Office Hours: M 1:00-2:00 and 4:00-5:00, W 3:00-5:00, or by appointment
The other part of your course grade is the final exam, which is a take-home exam to be posted here on Friday April 28, 2017 and is due at my office, my mailbox in the ECEE Department Office or as a PDF file via email by 9:00 AM Mountain time Monday May 8, 2017. It will consist of problems similar to those given as homework during the semester.
There is bound to be a certain amount of informal discussion of the homework problems among students currently enrolled in the class. As long as this discussion does not entail someone solving the problem for someone else, I have no objection to it. Do not, however, consult solutions to homework problems from previous years when the course was offered. I am always happy to provide what help and direction I can during office hours, by email or by separate appointment. I expect that work turned in to me with your name on it represents your unique write-up and understanding of the solution to a problem, rather than a copy of some collective effort. For the final exam, there is to be absolutely no consultation between students. I will be available to answer any questions on interpretation of the problems on the final exam.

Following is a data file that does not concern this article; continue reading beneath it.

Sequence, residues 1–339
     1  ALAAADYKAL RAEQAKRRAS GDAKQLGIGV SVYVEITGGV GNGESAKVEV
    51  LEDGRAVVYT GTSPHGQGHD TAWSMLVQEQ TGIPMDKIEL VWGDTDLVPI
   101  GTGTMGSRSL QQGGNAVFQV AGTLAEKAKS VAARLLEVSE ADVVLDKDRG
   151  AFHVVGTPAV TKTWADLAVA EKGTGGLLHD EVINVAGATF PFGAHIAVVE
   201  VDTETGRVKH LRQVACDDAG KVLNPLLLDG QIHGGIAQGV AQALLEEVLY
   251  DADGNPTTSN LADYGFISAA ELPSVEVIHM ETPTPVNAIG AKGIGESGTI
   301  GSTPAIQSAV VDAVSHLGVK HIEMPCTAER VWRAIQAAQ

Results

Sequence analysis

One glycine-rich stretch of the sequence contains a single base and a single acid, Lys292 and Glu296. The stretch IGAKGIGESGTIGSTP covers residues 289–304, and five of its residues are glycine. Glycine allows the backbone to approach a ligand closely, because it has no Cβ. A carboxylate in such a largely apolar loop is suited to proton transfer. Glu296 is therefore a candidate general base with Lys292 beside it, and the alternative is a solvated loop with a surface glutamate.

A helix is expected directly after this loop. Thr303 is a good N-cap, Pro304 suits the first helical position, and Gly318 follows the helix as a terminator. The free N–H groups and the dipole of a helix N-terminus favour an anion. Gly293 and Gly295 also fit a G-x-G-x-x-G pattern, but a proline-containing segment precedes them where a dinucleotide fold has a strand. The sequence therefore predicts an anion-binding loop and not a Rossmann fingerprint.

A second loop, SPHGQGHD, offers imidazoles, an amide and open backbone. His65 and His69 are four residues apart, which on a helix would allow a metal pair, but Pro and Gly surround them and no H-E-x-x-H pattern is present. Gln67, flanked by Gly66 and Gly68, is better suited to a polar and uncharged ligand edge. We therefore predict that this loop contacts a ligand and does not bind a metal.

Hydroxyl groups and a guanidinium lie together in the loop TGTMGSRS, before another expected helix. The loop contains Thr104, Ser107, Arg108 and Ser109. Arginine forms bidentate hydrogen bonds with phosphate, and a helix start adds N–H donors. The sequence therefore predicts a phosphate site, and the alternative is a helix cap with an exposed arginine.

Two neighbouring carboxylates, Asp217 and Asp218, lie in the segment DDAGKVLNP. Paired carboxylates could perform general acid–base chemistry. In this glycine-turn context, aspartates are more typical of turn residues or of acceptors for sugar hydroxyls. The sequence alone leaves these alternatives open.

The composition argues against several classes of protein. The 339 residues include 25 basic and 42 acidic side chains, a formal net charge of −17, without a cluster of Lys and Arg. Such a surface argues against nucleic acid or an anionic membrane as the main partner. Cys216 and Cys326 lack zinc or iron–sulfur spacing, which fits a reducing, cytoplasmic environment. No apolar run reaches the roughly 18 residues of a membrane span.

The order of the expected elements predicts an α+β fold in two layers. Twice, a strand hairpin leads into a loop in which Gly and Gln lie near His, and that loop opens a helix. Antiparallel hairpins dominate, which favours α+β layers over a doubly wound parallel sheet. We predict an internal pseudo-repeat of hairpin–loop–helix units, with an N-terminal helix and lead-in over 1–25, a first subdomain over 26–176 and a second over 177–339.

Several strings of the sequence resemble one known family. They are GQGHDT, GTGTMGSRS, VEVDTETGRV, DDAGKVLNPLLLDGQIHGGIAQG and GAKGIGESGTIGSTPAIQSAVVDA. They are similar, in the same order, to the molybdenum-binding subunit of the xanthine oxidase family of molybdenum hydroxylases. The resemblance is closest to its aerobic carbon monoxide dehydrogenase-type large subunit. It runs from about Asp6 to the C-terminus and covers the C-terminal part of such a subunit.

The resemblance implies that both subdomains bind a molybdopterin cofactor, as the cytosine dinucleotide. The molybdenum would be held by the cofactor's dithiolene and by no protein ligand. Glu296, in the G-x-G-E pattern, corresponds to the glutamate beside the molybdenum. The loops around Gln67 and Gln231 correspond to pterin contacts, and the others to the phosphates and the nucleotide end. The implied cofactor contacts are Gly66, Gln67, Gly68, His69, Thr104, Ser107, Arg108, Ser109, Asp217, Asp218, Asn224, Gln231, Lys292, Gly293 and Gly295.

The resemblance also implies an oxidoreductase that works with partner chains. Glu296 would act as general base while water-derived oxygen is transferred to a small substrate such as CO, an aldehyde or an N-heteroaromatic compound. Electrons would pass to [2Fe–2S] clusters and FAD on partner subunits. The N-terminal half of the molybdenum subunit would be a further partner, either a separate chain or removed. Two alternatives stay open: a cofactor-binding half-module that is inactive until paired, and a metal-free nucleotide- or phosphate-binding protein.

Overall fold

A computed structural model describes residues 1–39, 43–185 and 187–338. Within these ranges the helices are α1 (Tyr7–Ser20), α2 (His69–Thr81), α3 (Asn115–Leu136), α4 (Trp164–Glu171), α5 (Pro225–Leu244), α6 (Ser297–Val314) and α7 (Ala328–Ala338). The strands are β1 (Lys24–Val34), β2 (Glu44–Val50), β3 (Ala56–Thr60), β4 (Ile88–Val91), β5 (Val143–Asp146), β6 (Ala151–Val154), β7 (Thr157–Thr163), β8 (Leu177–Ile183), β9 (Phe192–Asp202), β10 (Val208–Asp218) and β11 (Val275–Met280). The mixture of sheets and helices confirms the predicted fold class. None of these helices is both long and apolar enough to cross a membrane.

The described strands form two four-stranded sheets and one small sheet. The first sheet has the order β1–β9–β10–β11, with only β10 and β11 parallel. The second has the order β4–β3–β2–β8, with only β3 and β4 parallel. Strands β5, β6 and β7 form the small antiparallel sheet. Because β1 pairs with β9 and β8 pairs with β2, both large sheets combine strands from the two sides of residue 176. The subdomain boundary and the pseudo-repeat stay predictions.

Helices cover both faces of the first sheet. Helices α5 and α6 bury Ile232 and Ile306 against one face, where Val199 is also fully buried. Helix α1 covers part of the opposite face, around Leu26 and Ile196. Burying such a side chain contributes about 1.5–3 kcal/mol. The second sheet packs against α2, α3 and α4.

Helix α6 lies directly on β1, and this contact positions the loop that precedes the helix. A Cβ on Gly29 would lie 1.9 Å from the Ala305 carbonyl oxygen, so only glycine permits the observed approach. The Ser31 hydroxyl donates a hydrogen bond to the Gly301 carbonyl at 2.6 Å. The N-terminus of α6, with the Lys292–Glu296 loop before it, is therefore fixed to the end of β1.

The text for this course is Electromagnetic Boundary Problems by E. F. Kuester and D. C. Chang (Boca Raton, FL: CRC Press, 2016). Errata for the text can be found here. The course is divided into three main parts, in which the following topics will be covered:
Maxwell’s equations: multipole expansions, boundary and jump conditions.
Potential representations: Lorenz and Hertz.
Uniqueness, equivalence, reciprocity, image theory and radiation conditions.
Radiation from simple sources; alternate representations.
Plane aperture and Gaussian beam radiation.
Dipole radiation over a half-space.
Radiation and scattering from cylinders.
Diffraction from a conducting wedge.
Propagation and scattering in waveguides.
Propagation and scattering in periodic media.
Green's theorems and Green's functions.
Integral equations for conductor scattering, aperture scattering, and thin antennas.
Perturbation and variational methods.
I have arranged to have the following books put on reserve in the Engineering Library for this course:
The text is intended to be all that is needed for the course, but other books may offer a different perspective on certain topics, which can for some people be more illuminating than the one given in the text.Please read the information on disabilities, religious observances, standards of behavior and academic integrity.
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